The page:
What can we do to change this?
if opera does install as IE by default, then this is probably the biggest marketing cockup opera could make. by showing as IE in stats etc, webmasters are simply unaware of it's usage and will therefore not bother with browser compatibility and one very major link in the promotion chain is broken.
if opera installs itself as opera, webmasters will see it in their stats and might download opera to test it themselves. they might even make site visitors aware that the site is compatible with opera.
10 million downloads? 10% usage? not according to my stats .... i think that rather than ensuring opera compatibility, i'll spend my time adding an extra couple of pages to my sites ....
when opera can *prove* more than 5% usage through my stats, that's when i'll take it seriously and ensure compatibility ...
>if opera does install as IE by default, then this is probably the biggest marketing cockup opera could make
I think this was so they could grow under the radar of M$. They started this when M$ was ruthlessly crushing any and all competition and before they had to "make nice" because of the anti-trust suit.
I might be wrong on the reasons but that was always my impression.
A little home continent spirit going on over in Europe. Part of it is simple logistics and business practices. Opera has made some big deals with a few European companies that helped promote Opera over there. They also did some sort of mass magazine distribution over there that put an Opera cd in the middle. They are also bigger on mobile devices in Europe. That's especially true in the nordic countries where it's Opera's backyard. Opera is especially well suited for mobile devices because of it's low foot print and resource friendly nature.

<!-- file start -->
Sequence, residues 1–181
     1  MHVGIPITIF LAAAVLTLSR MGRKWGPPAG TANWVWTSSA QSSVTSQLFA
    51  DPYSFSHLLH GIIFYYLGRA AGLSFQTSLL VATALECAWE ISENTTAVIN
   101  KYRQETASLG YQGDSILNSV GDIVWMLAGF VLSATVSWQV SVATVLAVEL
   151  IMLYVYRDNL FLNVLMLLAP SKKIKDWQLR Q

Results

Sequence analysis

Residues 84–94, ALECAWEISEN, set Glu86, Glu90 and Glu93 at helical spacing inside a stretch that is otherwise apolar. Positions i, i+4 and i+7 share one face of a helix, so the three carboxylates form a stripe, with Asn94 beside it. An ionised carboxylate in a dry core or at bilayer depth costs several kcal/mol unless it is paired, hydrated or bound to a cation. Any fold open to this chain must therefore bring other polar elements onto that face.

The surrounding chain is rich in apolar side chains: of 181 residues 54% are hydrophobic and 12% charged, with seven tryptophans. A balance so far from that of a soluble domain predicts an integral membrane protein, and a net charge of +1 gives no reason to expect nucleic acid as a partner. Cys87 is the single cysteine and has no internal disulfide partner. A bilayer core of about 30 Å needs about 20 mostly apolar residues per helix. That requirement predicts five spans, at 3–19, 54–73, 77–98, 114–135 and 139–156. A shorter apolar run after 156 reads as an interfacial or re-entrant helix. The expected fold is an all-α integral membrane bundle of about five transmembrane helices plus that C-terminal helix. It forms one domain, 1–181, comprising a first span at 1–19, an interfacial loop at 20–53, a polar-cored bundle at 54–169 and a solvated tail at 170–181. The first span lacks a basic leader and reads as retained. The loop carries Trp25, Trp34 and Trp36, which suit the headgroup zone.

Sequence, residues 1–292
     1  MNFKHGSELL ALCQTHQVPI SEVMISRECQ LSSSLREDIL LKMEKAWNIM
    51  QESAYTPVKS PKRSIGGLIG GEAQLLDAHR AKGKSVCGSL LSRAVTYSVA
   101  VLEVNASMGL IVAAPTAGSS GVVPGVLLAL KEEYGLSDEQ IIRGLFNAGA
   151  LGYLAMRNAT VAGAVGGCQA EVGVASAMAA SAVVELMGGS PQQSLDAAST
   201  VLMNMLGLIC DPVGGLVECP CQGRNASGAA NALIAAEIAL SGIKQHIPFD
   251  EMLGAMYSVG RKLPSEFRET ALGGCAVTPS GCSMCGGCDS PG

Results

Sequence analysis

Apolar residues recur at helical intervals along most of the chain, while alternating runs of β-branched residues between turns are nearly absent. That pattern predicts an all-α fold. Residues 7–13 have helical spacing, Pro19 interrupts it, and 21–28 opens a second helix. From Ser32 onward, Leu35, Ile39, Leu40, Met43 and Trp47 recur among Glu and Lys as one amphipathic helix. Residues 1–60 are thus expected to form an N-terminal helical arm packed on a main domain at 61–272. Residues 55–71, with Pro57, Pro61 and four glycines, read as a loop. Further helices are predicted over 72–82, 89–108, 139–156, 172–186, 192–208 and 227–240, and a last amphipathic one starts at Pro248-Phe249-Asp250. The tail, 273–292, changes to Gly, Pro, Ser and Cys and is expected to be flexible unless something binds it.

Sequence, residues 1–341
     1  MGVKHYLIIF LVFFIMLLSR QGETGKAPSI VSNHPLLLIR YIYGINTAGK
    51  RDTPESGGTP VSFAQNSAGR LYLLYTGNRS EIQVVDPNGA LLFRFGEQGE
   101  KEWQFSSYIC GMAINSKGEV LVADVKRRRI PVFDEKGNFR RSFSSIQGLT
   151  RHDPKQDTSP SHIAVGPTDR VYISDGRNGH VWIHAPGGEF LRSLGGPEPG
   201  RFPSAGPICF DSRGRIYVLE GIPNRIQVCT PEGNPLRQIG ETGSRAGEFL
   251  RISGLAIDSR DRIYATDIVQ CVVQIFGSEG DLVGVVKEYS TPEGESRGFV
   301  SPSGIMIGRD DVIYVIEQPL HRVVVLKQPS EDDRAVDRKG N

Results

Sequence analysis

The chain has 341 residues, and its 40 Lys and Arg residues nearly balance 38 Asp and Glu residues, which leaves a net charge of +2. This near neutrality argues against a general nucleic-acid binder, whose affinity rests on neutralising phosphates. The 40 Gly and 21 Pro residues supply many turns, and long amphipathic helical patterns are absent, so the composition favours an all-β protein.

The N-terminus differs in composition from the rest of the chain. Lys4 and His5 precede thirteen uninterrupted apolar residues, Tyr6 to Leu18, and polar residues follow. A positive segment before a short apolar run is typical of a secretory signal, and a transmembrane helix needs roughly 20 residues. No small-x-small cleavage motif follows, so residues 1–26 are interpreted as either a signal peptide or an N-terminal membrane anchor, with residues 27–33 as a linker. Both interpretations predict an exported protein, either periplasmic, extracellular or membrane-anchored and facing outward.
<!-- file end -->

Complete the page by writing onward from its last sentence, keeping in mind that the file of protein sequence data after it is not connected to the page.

|if opera does install as IE by default, then this is probably the biggest marketing cockup opera could make. |
This is not a decision based on marketing, but one based on usability. As I stated earlier, there are an unfortunate numbers of sites, some of them very large, that were built by short-sighted webmasters who only felt it necessary to sniff for IE and Netscape and ignore all other user-agents.
I do have my version of Opera set to ID as Opera, and I find it both sad and amusing when I come across a so-called professional site that fails to identify Opera (since they are only sniffing for the other IE/NS) and serves up a page prompting me to upgrade my browser to either IE4 or NN4 !!!
I won't name names... and a few of these "winner" sites have already been aluded to elsewhere, so perhaps the reasoning for shipping with ID as IE is a bit more clear now. It is also important to note that even when set to ID as IE, Opera is still identified in the full referrer string. The information is there for Webmasters to review.
Opera's marketing push is based on providing users with a feature rich browser with more power and flexibility than any other.